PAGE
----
Pick your Own Wood for Custom Guitars?

Discussion in 'The Small Company Luthiers' started by Tone Disciple, Mar 12, 2006.

  1. Tone Disciple

    Tone Disciple Gold Supporting Member

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    The thread on 'Natural Flame' made me wonder how many of you actually buy the wood you want your custom guitars made from and send it to the builder?

    How many of you select from the builders stockpile?

    How many of you just specify what type you want?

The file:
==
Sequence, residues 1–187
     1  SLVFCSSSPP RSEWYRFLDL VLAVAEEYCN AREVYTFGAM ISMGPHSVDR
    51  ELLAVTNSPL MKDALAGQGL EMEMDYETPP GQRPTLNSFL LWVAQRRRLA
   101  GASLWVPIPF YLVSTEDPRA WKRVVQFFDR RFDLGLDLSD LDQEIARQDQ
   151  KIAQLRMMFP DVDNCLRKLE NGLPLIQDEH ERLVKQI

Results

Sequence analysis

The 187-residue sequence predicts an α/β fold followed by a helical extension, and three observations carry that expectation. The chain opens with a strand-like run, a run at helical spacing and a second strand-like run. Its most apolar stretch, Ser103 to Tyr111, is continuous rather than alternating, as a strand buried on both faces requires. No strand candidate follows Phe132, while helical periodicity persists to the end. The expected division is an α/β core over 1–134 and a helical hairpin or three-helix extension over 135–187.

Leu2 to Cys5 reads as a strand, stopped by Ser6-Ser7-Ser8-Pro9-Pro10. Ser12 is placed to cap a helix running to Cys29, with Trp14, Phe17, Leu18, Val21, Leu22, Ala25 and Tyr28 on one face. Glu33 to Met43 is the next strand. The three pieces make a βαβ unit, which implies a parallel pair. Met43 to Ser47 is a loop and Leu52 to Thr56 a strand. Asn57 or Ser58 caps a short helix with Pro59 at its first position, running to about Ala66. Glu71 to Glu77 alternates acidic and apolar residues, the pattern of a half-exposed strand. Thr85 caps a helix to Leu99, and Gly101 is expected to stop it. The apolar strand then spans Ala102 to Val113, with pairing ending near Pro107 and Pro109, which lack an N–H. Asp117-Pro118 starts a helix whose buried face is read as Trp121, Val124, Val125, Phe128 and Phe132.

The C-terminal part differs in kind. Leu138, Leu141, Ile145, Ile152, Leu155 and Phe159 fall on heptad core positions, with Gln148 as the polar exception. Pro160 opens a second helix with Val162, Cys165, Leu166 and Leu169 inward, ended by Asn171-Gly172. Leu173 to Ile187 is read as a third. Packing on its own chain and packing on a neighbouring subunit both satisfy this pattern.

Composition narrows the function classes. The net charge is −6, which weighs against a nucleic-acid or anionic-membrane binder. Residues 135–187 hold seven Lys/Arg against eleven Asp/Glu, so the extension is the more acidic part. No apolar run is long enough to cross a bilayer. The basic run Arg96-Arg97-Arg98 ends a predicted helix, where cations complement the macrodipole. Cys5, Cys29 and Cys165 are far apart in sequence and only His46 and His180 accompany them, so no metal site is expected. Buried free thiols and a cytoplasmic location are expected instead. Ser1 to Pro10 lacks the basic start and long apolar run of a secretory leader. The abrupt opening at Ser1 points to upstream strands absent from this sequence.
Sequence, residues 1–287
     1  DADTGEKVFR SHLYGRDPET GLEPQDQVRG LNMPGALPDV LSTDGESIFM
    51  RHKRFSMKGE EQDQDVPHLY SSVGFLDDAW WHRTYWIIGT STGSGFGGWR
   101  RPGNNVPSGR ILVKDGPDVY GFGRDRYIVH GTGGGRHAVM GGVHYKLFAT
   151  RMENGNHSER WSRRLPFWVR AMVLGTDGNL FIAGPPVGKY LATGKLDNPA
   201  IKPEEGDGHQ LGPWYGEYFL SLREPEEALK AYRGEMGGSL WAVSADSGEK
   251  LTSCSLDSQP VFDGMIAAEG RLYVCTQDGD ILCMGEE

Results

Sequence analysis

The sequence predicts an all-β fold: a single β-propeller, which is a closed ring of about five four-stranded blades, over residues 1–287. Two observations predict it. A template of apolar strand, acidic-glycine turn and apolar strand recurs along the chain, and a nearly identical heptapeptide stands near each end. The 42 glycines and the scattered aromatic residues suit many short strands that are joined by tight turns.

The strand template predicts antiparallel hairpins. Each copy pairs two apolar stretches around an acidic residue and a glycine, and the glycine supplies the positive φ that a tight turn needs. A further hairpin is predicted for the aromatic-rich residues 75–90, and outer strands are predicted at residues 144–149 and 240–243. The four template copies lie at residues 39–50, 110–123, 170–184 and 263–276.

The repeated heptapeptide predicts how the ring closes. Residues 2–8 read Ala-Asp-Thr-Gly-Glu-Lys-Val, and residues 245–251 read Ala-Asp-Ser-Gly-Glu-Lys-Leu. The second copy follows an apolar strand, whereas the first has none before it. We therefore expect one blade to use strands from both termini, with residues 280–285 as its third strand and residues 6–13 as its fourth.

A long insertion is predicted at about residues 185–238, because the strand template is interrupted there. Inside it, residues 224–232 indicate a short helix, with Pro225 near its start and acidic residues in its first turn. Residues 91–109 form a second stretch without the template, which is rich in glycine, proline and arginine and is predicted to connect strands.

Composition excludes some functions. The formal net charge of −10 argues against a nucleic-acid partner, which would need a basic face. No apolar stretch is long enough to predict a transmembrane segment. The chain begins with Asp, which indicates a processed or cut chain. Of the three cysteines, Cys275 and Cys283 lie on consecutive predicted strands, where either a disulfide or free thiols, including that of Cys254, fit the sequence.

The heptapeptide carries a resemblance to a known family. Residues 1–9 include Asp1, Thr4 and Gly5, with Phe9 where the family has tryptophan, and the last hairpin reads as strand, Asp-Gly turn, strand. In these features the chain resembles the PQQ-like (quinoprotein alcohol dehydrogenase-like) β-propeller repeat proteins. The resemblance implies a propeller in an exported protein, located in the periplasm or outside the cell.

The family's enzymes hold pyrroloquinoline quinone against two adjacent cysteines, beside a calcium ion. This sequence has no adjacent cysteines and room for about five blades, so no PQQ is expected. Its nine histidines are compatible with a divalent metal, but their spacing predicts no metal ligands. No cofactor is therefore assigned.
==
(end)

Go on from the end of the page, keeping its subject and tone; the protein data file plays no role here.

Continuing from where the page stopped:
For those who buy their own wood, where do you find it and what criteria like aging, drying time, moisture content, etc. are important to consider?

    I know that is a lot of questions, but this could be interesting!
     
  2. DWB1960

    DWB1960 Senior Member

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    For my Thorn I chose the wood from Ron's pretty large stash of blanks he has at his place. He had a ton of necks already rough cut and I found a nice black limba one with killer vein like grain patterns.

    [​IMG]

    For buying blanks I'd check out Gilmer Wood:

    http://www.gilmerwood.com/instrument_wood-solid_bodies.htm
     
  3. cnardone

    cnardone Member